- On the surface, the latest coronavirus update we have continues the grim trend, with more than 15 million coronavirus cases now having been confirmed worldwide.
- Epidemiologist Larry Brilliant, a doctor who helped eradicate smallpox, has given a new interview that gives a comprehensive, detailed assessment of where we are at this stage of the coronavirus pandemic.
- Bottom line: The news is not all bad, and there is some reason for optimism.
There is so much bad news out there and so many breathless headlines stemming from the coronavirus pandemic that jockey for our attention each day that it’s easy to get overwhelmed by the enormity of what’s happening right now. Even simple, factual assertions from respected health sources like White House health advisor Dr. Anthony Fauci, including his belief that the coronavirus probably won’t ever be completely eradicated from the globe — it’s just one more in a stream of crushing news items, especially when the virus is surging all around the country, the rest of the world is looking on dismayed, and there’s not much of a light at the end of the tunnel at the moment.
It’s healthy to actually stop as much as possible and remind yourself of the good news right now, though, because it’s not all bad, believe it or not. For example, The Wall Street Journal is reporting that the flu has basically been wiped out in the Southern Hemisphere. Why? The reason is obvious, when you think about it — the preventative measures people are using to protect themselves against the coronavirus also keep you safe from the flu. (Of course, things can just as easily move the other way. Experts now see coronavirus cases and the flu following parallel trajectories, but that also means if an area eases way up on coronavirus mitigation, that could open the door for more flu cases).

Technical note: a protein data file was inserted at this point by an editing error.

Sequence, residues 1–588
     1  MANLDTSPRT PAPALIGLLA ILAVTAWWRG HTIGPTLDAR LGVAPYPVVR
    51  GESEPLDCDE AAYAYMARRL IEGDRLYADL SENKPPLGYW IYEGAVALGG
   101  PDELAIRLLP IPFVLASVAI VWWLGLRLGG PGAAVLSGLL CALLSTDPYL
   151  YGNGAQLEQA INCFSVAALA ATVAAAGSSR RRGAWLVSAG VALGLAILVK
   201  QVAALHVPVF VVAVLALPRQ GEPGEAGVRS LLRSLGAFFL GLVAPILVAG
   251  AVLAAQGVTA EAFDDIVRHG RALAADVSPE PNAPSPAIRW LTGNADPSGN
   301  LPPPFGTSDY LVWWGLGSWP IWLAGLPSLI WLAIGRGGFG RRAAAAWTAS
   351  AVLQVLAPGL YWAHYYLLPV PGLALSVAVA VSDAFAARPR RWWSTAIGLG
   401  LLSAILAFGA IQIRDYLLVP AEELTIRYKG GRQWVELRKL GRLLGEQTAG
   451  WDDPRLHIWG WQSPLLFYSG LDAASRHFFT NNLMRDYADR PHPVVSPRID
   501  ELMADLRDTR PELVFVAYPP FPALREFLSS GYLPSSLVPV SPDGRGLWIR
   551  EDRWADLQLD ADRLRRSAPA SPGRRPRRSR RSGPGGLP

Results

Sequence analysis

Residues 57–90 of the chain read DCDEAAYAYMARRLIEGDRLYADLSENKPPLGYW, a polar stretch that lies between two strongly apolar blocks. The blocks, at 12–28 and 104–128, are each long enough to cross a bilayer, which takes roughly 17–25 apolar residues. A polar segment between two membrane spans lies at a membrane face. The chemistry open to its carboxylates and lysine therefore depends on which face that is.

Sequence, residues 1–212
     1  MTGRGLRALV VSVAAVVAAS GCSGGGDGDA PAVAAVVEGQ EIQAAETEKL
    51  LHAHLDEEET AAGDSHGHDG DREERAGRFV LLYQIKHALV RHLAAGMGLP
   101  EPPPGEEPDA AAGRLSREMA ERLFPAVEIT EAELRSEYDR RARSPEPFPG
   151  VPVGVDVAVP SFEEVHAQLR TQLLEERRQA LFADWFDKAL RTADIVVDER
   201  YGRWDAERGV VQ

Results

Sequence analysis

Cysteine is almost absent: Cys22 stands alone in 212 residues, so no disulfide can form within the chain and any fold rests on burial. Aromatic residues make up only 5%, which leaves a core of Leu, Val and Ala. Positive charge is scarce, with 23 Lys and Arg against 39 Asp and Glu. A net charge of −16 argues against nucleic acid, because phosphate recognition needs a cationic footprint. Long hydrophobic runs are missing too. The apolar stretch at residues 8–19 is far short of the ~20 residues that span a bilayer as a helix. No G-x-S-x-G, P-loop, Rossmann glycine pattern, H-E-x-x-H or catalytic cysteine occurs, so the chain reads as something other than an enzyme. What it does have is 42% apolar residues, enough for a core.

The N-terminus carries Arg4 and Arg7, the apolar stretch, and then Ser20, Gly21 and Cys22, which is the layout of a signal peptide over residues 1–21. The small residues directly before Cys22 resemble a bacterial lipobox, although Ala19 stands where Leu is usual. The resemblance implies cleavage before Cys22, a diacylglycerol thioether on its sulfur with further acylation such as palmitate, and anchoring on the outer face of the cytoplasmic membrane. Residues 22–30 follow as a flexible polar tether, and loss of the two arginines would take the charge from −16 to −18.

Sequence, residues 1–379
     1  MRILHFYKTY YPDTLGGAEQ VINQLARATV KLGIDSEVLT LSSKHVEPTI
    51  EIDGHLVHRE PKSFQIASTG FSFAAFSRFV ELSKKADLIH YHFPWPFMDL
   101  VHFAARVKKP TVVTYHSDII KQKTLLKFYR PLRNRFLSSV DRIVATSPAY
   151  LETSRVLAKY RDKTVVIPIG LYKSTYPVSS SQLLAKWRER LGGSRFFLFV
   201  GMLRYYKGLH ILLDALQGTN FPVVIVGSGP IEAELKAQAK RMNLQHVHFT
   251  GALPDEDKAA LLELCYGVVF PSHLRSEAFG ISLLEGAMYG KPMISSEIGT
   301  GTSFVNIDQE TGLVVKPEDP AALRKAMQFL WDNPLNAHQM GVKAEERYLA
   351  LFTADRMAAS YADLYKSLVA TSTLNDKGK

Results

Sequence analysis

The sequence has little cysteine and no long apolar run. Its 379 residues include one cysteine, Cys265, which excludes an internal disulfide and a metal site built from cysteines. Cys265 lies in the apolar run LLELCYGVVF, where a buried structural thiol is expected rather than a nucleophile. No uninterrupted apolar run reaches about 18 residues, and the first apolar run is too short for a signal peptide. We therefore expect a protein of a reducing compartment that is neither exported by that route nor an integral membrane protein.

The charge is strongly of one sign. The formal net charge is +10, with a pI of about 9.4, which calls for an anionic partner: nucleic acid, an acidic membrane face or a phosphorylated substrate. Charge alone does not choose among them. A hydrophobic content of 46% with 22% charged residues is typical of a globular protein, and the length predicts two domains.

Meanwhile, epidemiologist Larry Brilliant has been something of a breath of fresh air, in my opinion, because he’s been a source of something we haven’t gotten near enough of since the outbreak of the novel coronavirus, barring a few exceptions including Dr. Fauci: Straight talk, from an authoritative source, mixing the unvarnished and uncomfortable truth with reasons to feel hopeful.
He shared some of the latter during an appearance on In the Bubble, the podcast from former Obama health official Andy Slavitt. “We are facing a really bad coronavirus,” Brilliant says in the clip below, before cautioning: “It’s just a virus. It’s just a sack of RNA, surrounded by a bunch of fat, and it has no intentionality … We are smarter than it is. Our science is better than it is.” We will “kick it into the dustbin of history” he adds, “when we gather our wits about us.”
Wired, meanwhile, caught up with Brilliant (who the magazine describes as “the doctor who helped defeat smallpox, in addition to him having been an advisor on the 2011 movie Contagion — more on that in a moment) for an interview that everyone owes it to themselves to read. It’s available here.
On the one hand, he says he wouldn’t be surprised if we get to more than 2 million deaths worldwide from the coronavirus (we’re at a little more than 625,000 as of the time of this writing). On the other hand, Brilliant tells Wired: “You can be really optimistic that science is moving at a pace unknown before. Just as the virus is growing exponentially, science is growing exponentially. MIT has recorded over 20,000 scientific papers that are on the virus. We have taken a page out of Silicon Valley, and we are exchanging money for speed. And we are doing things now in parallel instead of in sequence.”
On whether he opens package deliveries at home right away or quarantines them for fear of the virus: “If you look at the things that we worried about, like the Amazon box that comes to the door, the fact that the virus can do that doesn’t mean it does do that. I don’t scrub my groceries at all. If an Amazon box comes, I open it right away. I’m mostly worried about face-to-face transmission …”
Strangely enough, Brilliant added that two of his friends who worked on the Contagion movie got coronavirus. One of them was a senior scientist advising on the movie, and the other was the screenwriter. Lots more fascinating tidbits like that in the Wired interview above.